What is a stock?
A share of stock represents a share of ownership in the issuing company. Stock ownership entitles the shareholder to a proportionate share of the company’s earnings. It also allows investors to vote in shareholder meetings, receive dividends (the company’s profits) and gives investors the ability to sell their stock to another investor.
Companies sell stock to raise money to operate their businesses. Stocks are bought and sold mainly on stock exchanges.
Why should I invest in stocks?
The three biggest benefits that stock ownership offers include:
- Growth potential: Over the long term, stocks tend to outperform other types of investments.
- Dividend income potential: Some companies distribute part of their earnings to common stockholders in the form of dividends.
- Ability to vote: Shareholders can influence how the company is managed.
Categories of stocks
Growth and value
Stocks are often categorized as either growth or value.
- Growth stocks: A growth-oriented company is expanding rapidly or becoming increasingly more profitable. As the company enjoys greater success, its stock price should rise. Most investors buy growth stocks hoping to make a profit based on the increase in the company’s stock price. Growth-oriented stocks typically don’t pay large dividends.
- Value stocks: A value-oriented company is usually more established, but has fallen out of favor with investors. Value stock is typically cheaper than growth stock. Investors buy a value stock hoping its price will rebound, and they will realize a profit. Another reason investors buy value stock is to create an income stream from the company’s stock dividend payments.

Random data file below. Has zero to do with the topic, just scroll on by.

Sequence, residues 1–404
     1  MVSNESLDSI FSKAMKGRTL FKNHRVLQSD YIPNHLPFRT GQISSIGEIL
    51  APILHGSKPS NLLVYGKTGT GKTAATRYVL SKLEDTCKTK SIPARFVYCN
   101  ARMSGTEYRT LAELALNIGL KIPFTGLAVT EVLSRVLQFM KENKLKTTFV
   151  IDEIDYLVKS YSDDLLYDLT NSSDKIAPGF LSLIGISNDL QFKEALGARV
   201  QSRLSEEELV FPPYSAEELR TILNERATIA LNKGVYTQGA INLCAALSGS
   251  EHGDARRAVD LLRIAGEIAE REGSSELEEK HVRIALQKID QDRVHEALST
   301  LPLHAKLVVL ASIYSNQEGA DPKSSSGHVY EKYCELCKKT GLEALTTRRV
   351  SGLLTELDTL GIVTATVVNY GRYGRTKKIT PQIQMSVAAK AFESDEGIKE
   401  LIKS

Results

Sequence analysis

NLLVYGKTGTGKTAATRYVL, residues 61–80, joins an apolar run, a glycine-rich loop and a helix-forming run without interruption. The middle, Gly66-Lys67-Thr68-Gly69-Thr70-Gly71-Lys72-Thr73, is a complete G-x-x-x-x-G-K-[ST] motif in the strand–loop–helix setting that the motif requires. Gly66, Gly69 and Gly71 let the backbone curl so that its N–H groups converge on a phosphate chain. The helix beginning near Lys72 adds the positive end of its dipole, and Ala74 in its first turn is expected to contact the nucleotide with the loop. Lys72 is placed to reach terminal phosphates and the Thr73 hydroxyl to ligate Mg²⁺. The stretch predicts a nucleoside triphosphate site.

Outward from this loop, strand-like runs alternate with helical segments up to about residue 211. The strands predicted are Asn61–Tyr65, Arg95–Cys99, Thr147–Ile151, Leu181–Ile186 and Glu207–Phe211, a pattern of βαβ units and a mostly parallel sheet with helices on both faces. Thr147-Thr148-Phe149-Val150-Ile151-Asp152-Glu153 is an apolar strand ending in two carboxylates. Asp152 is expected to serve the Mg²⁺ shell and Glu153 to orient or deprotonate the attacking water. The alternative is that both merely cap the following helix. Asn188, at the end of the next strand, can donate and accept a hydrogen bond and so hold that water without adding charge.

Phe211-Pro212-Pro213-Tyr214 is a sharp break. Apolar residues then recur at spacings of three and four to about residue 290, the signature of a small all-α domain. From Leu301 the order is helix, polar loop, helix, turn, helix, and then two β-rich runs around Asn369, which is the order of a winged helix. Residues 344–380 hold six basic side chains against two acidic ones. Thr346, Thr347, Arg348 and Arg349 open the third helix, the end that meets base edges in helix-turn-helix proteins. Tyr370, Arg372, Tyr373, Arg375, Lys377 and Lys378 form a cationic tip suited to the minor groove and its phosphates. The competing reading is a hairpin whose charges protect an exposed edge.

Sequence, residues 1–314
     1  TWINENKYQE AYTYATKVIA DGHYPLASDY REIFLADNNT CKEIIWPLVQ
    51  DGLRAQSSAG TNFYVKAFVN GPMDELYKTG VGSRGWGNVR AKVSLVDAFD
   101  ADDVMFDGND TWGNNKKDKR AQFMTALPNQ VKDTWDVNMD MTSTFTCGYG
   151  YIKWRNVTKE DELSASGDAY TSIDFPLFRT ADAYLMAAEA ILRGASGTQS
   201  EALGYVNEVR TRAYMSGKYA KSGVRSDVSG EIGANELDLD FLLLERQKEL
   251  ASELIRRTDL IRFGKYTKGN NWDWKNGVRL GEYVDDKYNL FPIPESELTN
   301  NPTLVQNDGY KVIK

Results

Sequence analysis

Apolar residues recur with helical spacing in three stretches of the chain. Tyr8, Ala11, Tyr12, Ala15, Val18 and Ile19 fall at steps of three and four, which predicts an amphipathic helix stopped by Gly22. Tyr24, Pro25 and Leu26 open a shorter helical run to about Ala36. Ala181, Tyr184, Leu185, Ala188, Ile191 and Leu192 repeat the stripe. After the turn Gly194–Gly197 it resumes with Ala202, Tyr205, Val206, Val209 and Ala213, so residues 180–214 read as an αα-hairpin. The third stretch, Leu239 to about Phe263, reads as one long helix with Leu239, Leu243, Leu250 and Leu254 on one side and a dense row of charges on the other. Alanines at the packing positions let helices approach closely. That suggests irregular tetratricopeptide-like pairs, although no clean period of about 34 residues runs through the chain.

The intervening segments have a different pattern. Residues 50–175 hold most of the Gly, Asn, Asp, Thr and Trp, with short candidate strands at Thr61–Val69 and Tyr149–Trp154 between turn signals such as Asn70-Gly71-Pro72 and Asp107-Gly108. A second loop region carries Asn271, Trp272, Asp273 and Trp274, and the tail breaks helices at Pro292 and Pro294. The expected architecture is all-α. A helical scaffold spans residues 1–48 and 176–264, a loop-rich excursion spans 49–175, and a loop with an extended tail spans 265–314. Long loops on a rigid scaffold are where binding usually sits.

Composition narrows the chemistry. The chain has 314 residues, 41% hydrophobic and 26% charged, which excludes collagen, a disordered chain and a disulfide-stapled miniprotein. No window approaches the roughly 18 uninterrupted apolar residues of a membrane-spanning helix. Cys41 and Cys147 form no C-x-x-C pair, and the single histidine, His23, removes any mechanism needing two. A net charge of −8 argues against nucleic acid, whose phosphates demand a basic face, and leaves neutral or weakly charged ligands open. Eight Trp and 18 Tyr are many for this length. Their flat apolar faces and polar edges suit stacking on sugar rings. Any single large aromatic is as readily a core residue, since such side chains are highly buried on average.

Capitalization (cap for short) refers to the total value of all outstanding shares of a company’s stock.
- Large-cap companies, which make up about 70% of the U.S. stock market, tend to be more stable than small- or mid-cap companies.
- Mid-cap and small-cap companies each make up about 10% to 15% of the U.S. stock market. These stocks tend to have more growth potential than large-cap stocks, but may be more risky.
What risks are associated with investing in stocks?
Just as stock ownership may offer potential benefits, it also comes with a variety of risks, including but not limited to:
- Business risk: Poorly-run companies can fail, which can cause you to lose some or all of your investment.
- Market risk: Economic developments or other events can cause a decline in a stock’s value.
- Liquidity risk: If you need to sell a stock quickly, you may have to accept a price that is lower than the price you paid when you bought the stock.
- Political risk: Unfavorable government action or social changes can affect stock prices.
- International/sector risk: A stock with its operations in a particular country or sector may be more volatile.
Information provided by SEI Investments Management Corporation. This information is for educational purposes only and should not be relied upon by the reader as research or investment advice. Investing involves risk, including possible loss of principal.